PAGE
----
(Reuters) - The number of people missing from last week's deadly Southern California mudslides fell to three on Monday as hundreds of rescue workers searched for survivors from the rain-driven slides that killed 20 people.
A 53-year-old transient, John Keating, had been listed among the four still missing but was found safely in Ventura, California, with his dog, the Santa County Sheriff's Office said in a statement.
Three people ages 2 to 28 are still listed as missing after sheriff's detectives investigated more than 100 missing persons cases, the statement said.
Emergency officials said hopes were diminishing that they would pull more survivors from the ravaged landscape of hardened muck, boulders and twisted debris left behind by the Tuesday mudslides that scoured a landscape already barren from last year's record-setting wildfires.
The mudslides that scoured the affluent community of Montecito, 85 miles (137 km) northwest of Los Angeles, caused the greatest loss of life from a California mudslide in at least 13 years.
Ten people perished in January 2005 when a hillside saturated by weeks of torrential rains collapsed in the seaside hamlet of La Conchita, 18 miles (29 km) southeast of Montecito, burying more than a dozen homes in seconds.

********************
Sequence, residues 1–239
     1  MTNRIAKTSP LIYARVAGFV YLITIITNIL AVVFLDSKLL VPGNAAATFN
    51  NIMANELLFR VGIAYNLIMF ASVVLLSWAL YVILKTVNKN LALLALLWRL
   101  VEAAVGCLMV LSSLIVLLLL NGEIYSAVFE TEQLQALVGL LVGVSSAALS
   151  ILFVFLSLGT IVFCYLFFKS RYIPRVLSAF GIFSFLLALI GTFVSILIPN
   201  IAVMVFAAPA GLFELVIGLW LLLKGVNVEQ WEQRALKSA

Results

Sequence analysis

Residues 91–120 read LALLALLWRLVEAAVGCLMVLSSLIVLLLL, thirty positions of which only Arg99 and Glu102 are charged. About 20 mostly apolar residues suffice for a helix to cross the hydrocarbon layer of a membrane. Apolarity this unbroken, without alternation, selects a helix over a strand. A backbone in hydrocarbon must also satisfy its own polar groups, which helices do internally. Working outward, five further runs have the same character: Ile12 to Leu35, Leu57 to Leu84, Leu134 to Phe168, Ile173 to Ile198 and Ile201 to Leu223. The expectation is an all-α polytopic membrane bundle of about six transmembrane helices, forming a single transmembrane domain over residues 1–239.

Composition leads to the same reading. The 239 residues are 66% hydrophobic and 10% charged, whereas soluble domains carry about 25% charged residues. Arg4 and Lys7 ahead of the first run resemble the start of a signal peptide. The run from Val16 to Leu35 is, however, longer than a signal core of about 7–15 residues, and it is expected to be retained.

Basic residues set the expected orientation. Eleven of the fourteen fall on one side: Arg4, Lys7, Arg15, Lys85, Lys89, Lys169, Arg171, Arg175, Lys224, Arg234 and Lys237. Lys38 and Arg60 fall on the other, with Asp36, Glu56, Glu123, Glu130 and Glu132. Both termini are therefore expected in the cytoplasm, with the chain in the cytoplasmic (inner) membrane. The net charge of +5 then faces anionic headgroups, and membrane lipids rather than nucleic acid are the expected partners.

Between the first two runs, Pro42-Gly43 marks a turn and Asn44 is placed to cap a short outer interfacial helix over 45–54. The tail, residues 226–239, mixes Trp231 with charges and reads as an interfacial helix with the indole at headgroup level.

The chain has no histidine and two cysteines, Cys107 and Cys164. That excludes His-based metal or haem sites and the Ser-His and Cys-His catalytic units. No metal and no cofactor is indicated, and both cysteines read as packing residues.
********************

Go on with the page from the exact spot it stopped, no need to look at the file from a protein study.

The White House on Monday said that President Donald Trump had been briefed on the situation.
"The President and First Lady extend their deepest sympathies to the families affected, their appreciation for the first responders saving lives, and their prayers for those who remain missing," the White House said in a statement.
Another 900 emergency personnel arrived this weekend to join the relief effort conducted by more than 2,100 personnel from local, state and federal agencies.
The destruction covered 30 square miles (78 square km), leaving 65 single-family homes demolished and more than 450 damaged. Nearly 30 commercial properties were damaged or destroyed, officials said.
As a precaution against further slides, officials have ordered residents in most of the southeastern corner of Montecito to leave their homes for what was likely to be one or two weeks.
(Reporting by Scott Malone in Boston; Editing by Chizu Nomiyama and Lisa Shumaker)